Binary star system 1RXS J165424.6-433758 revealed to be polar, new observations find
An international team of astronomers has performed X-ray, ultraviolet, and optical observations of an X-ray source known as 1RXS J165424.6-433758. Results of the observational campaign, published June 8 on the pre-print server arXiv, shed more light on the nature of this source, providing evidence that it is a polar.
Binary System 1RXS J165424.6-433758 revealed to be polar, new observations find
Cataclysmic variables (CVs) are binary star systems comprising a white dwarf and a normal star companion. They irregularly increase in brightness by a large factor, then drop back down to a quiescent state. Polars are a subclass of cataclysmic variables distinguished from other CVs by the presence of a very strong magnetic field in their white dwarfs.
1RXS J165424.6-433758 (or AX J165420-4337) was first identified as an X-ray source by the ROSAT satellite more than three decades ago. However, although the source is known to astronomers for such a long time, its true nature remains a mystery.
Now, a new study published by a group of astronomers led by Brendan O'Connor of the George Washington University in Washington, DC, claims that the nature of 1RXS J165424.6-433758 has been finally determined, thanks to multiwavelength observations using various spacecraft and ground-based facilities.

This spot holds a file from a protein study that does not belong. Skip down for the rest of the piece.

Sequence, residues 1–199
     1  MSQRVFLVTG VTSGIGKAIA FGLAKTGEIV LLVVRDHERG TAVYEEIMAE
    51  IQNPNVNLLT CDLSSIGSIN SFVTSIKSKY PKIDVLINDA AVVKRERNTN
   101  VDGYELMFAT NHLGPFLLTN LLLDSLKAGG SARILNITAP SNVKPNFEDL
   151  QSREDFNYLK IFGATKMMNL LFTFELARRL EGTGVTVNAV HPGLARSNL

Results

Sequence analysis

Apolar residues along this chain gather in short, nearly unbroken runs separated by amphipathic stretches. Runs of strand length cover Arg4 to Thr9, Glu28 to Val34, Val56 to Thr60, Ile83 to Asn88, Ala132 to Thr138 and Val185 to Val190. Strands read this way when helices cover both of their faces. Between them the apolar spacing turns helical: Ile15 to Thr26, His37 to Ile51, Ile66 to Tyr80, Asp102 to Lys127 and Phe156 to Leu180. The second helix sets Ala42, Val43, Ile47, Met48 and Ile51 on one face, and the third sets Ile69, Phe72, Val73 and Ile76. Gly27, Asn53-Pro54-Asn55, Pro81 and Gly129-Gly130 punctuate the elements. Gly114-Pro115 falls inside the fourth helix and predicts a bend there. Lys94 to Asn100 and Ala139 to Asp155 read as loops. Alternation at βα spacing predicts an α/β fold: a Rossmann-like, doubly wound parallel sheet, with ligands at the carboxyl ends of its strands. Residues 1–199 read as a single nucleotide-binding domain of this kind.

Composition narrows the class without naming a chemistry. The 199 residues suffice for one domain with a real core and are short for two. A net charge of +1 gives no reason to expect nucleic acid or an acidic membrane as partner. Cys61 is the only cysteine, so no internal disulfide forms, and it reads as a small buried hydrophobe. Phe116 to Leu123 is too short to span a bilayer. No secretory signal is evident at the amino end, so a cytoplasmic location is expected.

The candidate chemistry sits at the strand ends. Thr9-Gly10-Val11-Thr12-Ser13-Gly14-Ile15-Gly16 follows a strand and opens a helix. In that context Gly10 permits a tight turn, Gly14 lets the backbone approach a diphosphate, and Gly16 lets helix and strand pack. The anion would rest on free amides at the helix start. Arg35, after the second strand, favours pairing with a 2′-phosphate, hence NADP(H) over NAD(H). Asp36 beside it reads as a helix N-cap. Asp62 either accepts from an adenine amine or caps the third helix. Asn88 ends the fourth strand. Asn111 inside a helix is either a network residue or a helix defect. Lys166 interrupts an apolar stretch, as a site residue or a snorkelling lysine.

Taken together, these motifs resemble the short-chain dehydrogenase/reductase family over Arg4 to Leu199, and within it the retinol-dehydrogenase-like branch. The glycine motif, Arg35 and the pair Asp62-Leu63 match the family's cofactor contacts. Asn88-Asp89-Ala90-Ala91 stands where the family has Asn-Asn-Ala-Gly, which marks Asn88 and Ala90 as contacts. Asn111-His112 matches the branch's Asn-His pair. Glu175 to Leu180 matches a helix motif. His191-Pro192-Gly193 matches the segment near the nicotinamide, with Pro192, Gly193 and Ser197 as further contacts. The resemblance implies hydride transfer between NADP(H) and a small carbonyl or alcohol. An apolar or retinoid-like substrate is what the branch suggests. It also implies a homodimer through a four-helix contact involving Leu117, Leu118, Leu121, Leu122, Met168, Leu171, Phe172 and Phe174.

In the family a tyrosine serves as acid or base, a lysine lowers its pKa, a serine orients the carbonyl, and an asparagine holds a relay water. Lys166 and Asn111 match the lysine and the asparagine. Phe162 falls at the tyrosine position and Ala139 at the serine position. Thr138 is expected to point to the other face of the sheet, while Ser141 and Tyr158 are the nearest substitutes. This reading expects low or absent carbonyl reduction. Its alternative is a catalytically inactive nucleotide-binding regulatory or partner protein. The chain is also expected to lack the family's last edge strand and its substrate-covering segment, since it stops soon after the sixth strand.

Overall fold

"Here, we present DGPS [Deep Galactic Plane Survey] observations and follow-up of the source with Swift, NuSTAR, the Southern African Large Telescope, and the South African Astronomical Observatory 1-m telescope, as well as archival XMM-Newton observations. Our data show that 1RXS J165424.6-43375 (hereafter J1654) is a typical polar mCV [magnetic cataclysmic variable] at a distance of ∼ 460 pc," the researchers wrote in the paper.
The observations found that J1654 showcases a hard X-ray spectrum in the high-state characterized by thermal bremsstrahlung radiation with temperature of 10.1 keV and luminosity at a level of about 65 nonillion erg/s. Further investigation led to the finding that J1654 is a magnetic CV with an orbital period of 2.87 hours and a magnetic field of 3.5 MG.
The astronomers noted that J1654 lies within the so-called CV period gap (between two and three hours). This is a common property of the population of known polar mCVs, which do not exhibit a prominent period gap. Moreover, the overall X-ray, ultraviolet, optical, and infrared properties of J1654 also confirm the polar scenario for this system.
The results suggest that the donor star in the J1654 system is a main-sequence star of a late spectra type, with a radius of about 0.38 solar radii and an effective temperature of 4,300 K. The white dwarf is estimated to have a mass of some 0.58 solar masses.
The accretion rate for J1654 was calculated to be about 10-11 solar masses per year. According to the authors of the paper, this result is comparable to the expected values for systems whose evolution is driven purely by gravitational wave radiation.
More information: O'Connor et al, Identification of 1RXS J165424.6-433758 as a polar cataclysmic variable, arXiv (2023). DOI: 10.48550/arxiv.2306.05576
Journal information: arXiv
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